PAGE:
Bertrand Russell, REITH LECTURES 1948
Thanks to Jason Lupus for drawing my attention to this excellent quote from the philosopher Bertrand Russell (18 May 1872 – 2 February 1970). It is an insight into the fundamental priorities and structure of work and culture. I would add to his assessment, as I did in my book, that the loss of the trade guilds to corporate money interests in the 19th century were a major influence upon this value change.
In the ages in which there were great poets, there were also large numbers of little poets, and when there were great painters there were large numbers of little painters. The great German composers arose in a milieu where music was valued, and where numbers of lesser men found opportunities.
In those days poetry, painting, and music was a vital part of the daily life of ordinary men, as only sport is now. The great prophets were men who stood out from a host of minor prophets. The inferiority of our age in such respects is an inevitable result of the fact that society is centralized and organized to such a degree that individual initiative is reduced to a minimum.
Where art has flourished in the past it has flourished as rule amongst small communities which had rivals among their neighbors, such as Greek city states, the little principalities of the Italian renaissance, and the petty courts of German eighteenth century- rulers. Each of these rulers had to have his musician, and once in a way he was Johann Sebastian Bach, but even if he was not he was still free to do his best.
There is something about local rivalry that is essential in such matters. It played its part even in building of the cathedrals, because each bishop wished to have a finer cathedral than the neighboring bishop. It would be good thing if cities could develop an artistic pride leading to mutual rivalry, and if each had its own school of music and painting, not without a vigorous contempt for the school of the next city. But such local patriotisms do not readily flourish in a world of empires and free mobility.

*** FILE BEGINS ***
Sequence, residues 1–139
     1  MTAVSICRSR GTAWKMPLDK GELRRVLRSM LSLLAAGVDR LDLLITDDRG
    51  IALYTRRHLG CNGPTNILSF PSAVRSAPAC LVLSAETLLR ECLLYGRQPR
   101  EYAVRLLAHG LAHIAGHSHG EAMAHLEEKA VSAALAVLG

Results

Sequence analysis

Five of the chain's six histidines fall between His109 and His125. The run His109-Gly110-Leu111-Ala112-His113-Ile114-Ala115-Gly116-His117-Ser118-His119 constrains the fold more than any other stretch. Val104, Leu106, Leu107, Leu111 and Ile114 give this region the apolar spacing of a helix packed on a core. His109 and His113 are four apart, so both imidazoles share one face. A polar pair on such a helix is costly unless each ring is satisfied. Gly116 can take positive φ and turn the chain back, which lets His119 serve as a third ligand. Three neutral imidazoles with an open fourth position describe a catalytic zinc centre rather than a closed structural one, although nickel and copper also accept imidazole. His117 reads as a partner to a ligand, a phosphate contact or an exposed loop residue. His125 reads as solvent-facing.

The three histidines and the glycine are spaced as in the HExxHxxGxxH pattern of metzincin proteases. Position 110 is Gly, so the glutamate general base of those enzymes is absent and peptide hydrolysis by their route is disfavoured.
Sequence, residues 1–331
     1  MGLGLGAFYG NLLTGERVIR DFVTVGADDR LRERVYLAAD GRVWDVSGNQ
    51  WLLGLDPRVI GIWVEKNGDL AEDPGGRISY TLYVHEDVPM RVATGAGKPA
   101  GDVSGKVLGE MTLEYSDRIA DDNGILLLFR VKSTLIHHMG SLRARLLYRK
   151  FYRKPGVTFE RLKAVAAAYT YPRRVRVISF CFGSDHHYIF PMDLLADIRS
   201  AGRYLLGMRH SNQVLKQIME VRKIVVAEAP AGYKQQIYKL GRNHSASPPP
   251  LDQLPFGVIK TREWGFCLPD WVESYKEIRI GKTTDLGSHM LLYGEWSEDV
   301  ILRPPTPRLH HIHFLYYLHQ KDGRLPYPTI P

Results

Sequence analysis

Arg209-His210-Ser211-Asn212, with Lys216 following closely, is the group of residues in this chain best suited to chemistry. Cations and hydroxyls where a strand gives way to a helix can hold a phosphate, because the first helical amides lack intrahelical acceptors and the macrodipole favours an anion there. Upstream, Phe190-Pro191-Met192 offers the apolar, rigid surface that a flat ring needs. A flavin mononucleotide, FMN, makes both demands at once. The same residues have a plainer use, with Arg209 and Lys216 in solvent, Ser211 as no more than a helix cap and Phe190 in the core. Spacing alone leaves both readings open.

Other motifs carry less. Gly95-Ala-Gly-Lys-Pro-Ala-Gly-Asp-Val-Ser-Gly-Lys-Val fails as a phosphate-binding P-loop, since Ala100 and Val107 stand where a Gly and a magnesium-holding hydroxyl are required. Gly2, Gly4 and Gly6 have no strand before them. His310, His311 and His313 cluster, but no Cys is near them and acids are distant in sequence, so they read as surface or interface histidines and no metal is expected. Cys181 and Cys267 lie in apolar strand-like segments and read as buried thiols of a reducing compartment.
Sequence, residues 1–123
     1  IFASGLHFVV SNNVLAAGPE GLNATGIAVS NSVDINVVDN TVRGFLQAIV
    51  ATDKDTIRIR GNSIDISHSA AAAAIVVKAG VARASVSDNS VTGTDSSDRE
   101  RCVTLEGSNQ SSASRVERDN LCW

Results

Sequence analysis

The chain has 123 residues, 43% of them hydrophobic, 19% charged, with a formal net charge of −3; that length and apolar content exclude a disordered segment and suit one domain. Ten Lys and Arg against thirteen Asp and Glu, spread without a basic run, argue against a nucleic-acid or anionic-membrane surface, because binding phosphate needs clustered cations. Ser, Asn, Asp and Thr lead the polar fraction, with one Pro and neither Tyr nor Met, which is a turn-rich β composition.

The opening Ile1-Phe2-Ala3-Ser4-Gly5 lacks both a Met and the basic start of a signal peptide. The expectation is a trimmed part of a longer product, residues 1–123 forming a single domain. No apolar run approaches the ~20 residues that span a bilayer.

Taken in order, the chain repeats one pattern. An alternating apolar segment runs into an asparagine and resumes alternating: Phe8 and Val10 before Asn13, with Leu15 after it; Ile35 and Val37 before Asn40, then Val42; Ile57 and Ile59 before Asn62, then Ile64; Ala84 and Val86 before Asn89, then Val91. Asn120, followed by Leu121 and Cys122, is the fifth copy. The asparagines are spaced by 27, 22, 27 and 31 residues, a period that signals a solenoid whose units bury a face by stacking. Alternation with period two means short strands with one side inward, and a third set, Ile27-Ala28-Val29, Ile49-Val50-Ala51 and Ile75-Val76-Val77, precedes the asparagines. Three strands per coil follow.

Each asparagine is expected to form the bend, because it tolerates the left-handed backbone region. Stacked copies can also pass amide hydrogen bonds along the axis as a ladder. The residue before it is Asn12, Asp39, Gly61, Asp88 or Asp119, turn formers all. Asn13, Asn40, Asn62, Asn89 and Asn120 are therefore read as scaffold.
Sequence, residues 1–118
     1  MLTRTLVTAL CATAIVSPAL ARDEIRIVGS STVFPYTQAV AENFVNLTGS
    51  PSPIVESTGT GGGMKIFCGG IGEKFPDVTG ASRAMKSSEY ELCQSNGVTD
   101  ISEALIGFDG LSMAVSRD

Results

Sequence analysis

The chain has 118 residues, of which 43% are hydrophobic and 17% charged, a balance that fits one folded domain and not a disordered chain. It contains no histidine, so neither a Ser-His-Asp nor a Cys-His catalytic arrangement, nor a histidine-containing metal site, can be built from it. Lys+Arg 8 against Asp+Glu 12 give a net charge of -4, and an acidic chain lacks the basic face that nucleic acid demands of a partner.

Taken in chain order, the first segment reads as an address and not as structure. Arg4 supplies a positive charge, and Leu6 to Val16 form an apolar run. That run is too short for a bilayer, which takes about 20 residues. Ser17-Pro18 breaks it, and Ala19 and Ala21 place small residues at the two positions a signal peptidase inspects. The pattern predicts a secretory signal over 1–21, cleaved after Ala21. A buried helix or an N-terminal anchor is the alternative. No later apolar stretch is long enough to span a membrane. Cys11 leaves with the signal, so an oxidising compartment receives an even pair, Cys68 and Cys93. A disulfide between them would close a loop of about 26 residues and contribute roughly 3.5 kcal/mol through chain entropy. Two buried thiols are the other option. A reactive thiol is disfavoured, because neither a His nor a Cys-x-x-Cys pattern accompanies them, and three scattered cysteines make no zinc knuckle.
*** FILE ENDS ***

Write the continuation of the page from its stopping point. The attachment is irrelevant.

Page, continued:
A Manchester man does readily feel towards a man from Sheffield an an Athenian towards a Corinthian, or a Florentine towards a Venetian. But in spite of the difficulties, I think that this problem of giving importance to localities will have to be tackled if human life is not to be increasingly drab and monotonous.
In those who might otherwise have worthy ambitions, the effect of centralization is to bring them into competition with too large a number of rivals, and into subjection to an unduly uniform standard of taste. If you wish to be a painter you will not be content to pit yourself against men with similar desires in your own town; you will go to some school of painting in a metropolis where you probably conclude that you are mediocre, and having coming to this conclusion you may be so discouraged that you are tempted to throw away your paint brushs and to take money-making or to drink, for a certain degree of self – confidence is essential to achievement.
In renaissance Italy you might have hoped to be the best painter in Siena, and this position would have been quite sufficiently honorable. But you would not now be content to acquire all your training in one small town and pit yourself against your neighbors. We know too much and feel too little. At least we feel too little of those creative emotions from which a good life springs.
In regard to what is important we are passive; where we are active it is over trivialities. If life is to be saved from boredom relieved only from by disaster, means must be found of restoring individual initiative, not only in things that are trivial, but in the things that really matter.